USS 2020 valuation promises another difficult year

The USS 2020 valuation technical provisions consultation contains some startling numbers. Debbie McVitty has a go at explaining what’s going on.

In case anyone was in the market for more bleak tidings, the Universities Superannuation Scheme 2020 technical provisions consultation, published yesterday, has some jaw-dropping numbers in it.

Thanks primarily to the Covid economic downturn, the USS trustee, under new chair Kate Barker, estimates that the scheme’s technical deficit, set at £3.6bn at the 2018 valuation, has increased to somewhere between £9.8bn to £17.9bn.

Currently, USS pension contributions are set at 30.7 per cent of USS payroll (the salaries of employees enrolled in the scheme), with scheme members contributing 9.6 per cent of their pay and employers the remaining 21.1 per cent.

USS is now predicting that the total cost of maintaining benefits at their current level and reducing the scheme’s deficit could run to somewhere between 40.8 per cent of payroll to as high as 67.9 per cent.

USS is keen to clarify that these are not its final numbers – these won’t be confirmed until December, once the current consultation is complete and there’s been further work on assessing financial conditions and the strength of USS’s covenant (more on that shortly). But if by including these projections USS hoped to focus minds, it’s done that in spades.

How did we get here?

This particular consultation is part of the formal process of the 2020 USS valuation, which started with an economic assessment on 31 March 2020. The valuation must, by law, be completed on 30 June 2021. “Completed” essentially means that employer and scheme member representatives – Universities UK and UCU, via a joint negotiating committee – have agreed on how to meet the costs of funding the pension scheme, as determined by the USS trustee.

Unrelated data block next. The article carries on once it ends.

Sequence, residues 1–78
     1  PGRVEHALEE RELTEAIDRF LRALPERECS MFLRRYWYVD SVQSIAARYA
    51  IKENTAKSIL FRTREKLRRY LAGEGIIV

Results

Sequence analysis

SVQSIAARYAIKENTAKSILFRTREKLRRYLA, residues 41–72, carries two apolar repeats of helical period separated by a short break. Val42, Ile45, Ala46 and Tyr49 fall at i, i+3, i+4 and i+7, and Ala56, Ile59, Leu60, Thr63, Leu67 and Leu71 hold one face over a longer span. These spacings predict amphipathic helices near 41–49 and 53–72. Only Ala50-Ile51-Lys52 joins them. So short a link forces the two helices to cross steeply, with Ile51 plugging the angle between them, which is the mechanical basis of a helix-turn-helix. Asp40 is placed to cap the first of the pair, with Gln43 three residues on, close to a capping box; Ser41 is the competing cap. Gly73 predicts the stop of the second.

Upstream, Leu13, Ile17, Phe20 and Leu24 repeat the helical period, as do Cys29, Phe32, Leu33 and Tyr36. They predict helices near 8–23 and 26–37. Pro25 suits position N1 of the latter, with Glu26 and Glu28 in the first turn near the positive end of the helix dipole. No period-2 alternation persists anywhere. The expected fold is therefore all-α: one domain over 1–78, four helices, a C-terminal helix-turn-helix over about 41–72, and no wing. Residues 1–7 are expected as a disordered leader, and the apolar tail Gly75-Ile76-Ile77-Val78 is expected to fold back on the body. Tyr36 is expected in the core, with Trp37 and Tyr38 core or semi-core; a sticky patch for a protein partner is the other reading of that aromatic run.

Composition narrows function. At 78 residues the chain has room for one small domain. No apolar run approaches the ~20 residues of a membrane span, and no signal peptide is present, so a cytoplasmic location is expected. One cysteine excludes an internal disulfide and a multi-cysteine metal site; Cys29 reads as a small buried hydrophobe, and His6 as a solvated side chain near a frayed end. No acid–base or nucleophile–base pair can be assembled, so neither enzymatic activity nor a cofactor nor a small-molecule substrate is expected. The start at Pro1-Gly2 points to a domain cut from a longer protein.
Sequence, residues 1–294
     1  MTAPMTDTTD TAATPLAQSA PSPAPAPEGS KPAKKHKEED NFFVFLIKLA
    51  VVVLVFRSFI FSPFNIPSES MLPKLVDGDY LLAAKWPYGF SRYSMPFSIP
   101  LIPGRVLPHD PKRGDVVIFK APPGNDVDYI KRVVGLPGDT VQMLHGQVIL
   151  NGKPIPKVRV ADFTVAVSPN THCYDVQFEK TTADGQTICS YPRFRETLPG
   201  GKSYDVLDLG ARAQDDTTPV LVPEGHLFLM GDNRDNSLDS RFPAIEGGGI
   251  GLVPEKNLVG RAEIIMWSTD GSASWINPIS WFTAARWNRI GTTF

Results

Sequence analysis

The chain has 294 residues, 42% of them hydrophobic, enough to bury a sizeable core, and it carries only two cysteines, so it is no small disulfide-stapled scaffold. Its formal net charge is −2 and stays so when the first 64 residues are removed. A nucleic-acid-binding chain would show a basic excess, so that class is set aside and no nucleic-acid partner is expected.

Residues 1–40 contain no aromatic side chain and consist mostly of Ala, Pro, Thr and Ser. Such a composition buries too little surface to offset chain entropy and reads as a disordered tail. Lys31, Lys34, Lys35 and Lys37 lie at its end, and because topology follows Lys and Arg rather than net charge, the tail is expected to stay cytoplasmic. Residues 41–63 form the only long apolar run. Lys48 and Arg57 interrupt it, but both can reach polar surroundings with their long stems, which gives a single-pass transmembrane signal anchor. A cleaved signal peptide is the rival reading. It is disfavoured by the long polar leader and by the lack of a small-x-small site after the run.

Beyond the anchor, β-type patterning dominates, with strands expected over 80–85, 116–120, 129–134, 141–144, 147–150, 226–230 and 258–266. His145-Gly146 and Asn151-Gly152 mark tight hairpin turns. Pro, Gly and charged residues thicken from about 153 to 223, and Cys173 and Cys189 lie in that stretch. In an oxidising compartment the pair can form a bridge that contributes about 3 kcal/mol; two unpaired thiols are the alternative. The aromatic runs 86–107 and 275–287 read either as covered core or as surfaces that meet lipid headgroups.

USS has, of course, been in difficult financial territory for a long time. Attempts by employers to control spiralling costs and address the scheme’s technical deficit by reducing the defined benefit element of the scheme to zero at the 2017 valuation were not well received by UCU, acting on behalf of the scheme’s members.

The 2017 valuation ended in stalemate, with widespread industrial action in the winter of 2018 and no consensus reached by the supposed date of completion. That led to a further valuation in 2018, in parallel with the creation of a Joint Expert Panel made up of nominees from Universities UK and UCU with a remit to look into USS’s valuation methodology.

In the end, USS to all intents and purposes imposed increased contributions on employers and scheme members, but deferred the worst of these to October 2021, in hopes that before the 2020 valuation something would turn up – in the form of a new methodology, new assurances from employers or, just possibly, better economic circumstances.

So, employers and scheme members are staring down the barrel of further contribution increases from October 2021, to a combined total of 34.7 per cent of USS payroll. In the meantime, economic circumstances just got a whole lot worse.

There has been a methodological change though. One of the recommendations of the Joint Expert Panel was that USS should consider dual discount rates – meaning that the calculation of what is owed in pensions liabilities in today’s money could be estimated at different levels depending on whether it is liabilities relating to people who are already retired, or those who are still in work.

The JEP suggested that USS should be very prudent indeed in securing liabilities for those currently drawing from the scheme in retirement, but could be a bit more relaxed with future liabilities, as there would be time to recoup any losses before people started drawing on their pension pot. More risk and less prudence means lower contributions right now, which in principle everyone can get behind.

In normal times, this change, combined with an economic uptick, might have released some pressure on the scheme. And USS has changed its approach from previous valuations, consulting informally on its planned methodology ahead of this formal consultation including through constituting a valuation methodology discussion forum. But if anyone was hoping for a methodological change that would vanish the USS deficit or restrain projected costs, they’ll be disappointed.

Feet to the fire